The advancement of science generally depends on the interplay between experimental studies and theory. In some cases, theoretical physics adheres to standards of mathematical rigor while giving little weight to experiments and observations.^{} For example, while developing special relativity, Albert Einstein was concerned with the Lorentz transformation which left Maxwell's equations invariant, but was apparently uninterested in the Michelson–Morley experiment on Earth's drift through a luminiferous ether.^{} Conversely, Einstein was awarded the Nobel Prize for explaining the photoelectric effect, previously an experimental result lacking a theoretical formulation.^{}

A **physical theory** is a model of physical events. It is judged by the extent to which its predictions agree with empirical observations. The quality of a physical theory is also judged on its ability to make new predictions which can be verified by new observations. A physical theory differs from a mathematical theorem in that while both are based on some form of axioms, judgment of mathematical applicability is not based on agreement with any experimental results.^{}^{} A physical theory similarly differs from a mathematical theory, in the sense that the word "theory" has a different meaning in mathematical terms.^{}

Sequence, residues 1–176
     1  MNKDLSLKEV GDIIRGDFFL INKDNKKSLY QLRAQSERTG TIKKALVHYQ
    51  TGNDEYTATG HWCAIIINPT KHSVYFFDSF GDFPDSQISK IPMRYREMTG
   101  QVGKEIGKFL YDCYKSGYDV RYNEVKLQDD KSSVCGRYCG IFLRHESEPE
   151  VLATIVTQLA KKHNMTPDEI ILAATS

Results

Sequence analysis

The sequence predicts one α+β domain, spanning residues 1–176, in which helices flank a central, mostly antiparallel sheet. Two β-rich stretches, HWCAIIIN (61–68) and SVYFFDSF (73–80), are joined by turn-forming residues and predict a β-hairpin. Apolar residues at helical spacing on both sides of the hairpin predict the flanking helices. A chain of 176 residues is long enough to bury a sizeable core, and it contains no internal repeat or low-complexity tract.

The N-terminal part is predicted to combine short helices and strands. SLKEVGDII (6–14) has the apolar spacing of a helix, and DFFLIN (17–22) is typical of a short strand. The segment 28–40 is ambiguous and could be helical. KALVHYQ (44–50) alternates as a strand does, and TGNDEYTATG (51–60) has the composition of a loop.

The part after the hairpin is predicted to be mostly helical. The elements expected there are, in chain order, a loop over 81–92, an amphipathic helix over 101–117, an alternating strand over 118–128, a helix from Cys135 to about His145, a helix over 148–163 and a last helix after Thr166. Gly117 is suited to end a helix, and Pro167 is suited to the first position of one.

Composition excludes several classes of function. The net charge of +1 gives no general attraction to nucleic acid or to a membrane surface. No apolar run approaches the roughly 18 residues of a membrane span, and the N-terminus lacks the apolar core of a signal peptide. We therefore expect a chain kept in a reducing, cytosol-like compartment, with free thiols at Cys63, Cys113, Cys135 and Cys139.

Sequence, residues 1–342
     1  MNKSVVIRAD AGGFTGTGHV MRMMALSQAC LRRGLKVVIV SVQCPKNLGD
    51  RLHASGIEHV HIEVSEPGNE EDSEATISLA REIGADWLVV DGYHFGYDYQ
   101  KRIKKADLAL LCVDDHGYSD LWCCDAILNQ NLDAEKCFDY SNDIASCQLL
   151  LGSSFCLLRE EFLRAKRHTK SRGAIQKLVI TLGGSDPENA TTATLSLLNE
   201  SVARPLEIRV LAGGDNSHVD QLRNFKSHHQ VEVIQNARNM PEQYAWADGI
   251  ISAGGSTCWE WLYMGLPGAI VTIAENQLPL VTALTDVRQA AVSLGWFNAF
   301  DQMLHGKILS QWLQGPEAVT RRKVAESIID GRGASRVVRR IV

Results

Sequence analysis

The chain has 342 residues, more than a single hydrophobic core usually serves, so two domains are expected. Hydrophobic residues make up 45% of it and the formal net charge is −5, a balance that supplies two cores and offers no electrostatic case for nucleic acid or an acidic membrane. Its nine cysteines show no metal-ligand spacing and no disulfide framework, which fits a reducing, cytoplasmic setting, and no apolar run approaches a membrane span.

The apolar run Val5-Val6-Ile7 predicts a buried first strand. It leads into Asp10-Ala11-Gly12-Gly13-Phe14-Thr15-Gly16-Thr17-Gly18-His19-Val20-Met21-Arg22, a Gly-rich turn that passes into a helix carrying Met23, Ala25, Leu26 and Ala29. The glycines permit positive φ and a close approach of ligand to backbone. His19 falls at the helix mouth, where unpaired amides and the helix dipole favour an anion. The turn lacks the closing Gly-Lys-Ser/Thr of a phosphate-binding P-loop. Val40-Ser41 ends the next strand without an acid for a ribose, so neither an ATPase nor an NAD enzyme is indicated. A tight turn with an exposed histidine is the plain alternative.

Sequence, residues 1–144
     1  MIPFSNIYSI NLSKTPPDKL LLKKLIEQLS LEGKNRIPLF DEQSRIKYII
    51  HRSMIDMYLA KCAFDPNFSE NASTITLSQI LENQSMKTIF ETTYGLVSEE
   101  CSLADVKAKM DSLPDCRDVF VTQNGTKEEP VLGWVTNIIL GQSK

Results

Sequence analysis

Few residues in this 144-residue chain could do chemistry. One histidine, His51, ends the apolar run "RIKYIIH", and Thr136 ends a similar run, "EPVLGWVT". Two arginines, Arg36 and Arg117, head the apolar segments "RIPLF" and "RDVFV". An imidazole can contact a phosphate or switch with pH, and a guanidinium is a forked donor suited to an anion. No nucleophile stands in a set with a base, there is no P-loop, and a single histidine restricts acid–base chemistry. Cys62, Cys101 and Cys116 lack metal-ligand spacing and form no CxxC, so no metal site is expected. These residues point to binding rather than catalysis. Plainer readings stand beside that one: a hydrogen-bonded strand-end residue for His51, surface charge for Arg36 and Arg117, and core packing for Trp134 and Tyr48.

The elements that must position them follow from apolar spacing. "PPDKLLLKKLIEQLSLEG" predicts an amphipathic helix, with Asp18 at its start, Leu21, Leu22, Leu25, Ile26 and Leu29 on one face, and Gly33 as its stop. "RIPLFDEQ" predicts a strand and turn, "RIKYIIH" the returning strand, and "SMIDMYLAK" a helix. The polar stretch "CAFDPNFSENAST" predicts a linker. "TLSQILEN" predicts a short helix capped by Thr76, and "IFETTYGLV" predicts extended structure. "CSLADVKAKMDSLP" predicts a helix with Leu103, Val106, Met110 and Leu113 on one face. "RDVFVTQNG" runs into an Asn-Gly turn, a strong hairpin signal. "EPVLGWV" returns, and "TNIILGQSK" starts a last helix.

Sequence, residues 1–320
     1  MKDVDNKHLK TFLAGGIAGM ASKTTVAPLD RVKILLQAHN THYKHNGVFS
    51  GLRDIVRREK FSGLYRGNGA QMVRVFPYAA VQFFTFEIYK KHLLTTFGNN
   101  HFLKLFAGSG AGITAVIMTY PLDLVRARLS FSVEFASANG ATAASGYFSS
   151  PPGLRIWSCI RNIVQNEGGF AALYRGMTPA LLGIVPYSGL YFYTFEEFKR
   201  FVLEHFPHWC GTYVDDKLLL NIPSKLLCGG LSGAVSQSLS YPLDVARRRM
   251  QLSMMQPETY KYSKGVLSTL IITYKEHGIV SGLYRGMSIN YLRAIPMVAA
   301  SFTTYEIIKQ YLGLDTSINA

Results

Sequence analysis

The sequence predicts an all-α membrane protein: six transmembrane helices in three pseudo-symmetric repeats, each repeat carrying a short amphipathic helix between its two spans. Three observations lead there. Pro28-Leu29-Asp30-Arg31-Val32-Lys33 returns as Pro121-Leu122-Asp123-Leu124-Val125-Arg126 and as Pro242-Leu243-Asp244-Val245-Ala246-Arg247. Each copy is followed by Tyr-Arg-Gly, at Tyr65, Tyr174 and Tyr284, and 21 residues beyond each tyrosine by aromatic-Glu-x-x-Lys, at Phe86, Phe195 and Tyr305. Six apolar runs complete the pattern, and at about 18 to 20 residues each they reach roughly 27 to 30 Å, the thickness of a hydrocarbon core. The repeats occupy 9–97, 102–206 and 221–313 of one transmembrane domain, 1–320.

*The equations for an Einstein manifold, used in general relativity to describe the curvature of spacetime*

A physical theory involves one or more relationships between various measurable quantities. Archimedes realized that a ship floats by displacing its mass of water, Pythagoras understood the relation between the length of a vibrating string and the musical tone it produces.^{}^{} Other examples include entropy as a measure of the uncertainty regarding the positions and motions of unseen particles and the quantum mechanical idea that (action and) energy are not continuously variable.

This page was last edited on 23 February 2018, at 12:55.

Reference: https://en.wikipedia.org/wiki/Theoretical_physics under CC BY-SA license.

Reference: https://en.wikipedia.org/wiki/Theoretical_physics under CC BY-SA license.

- Physics
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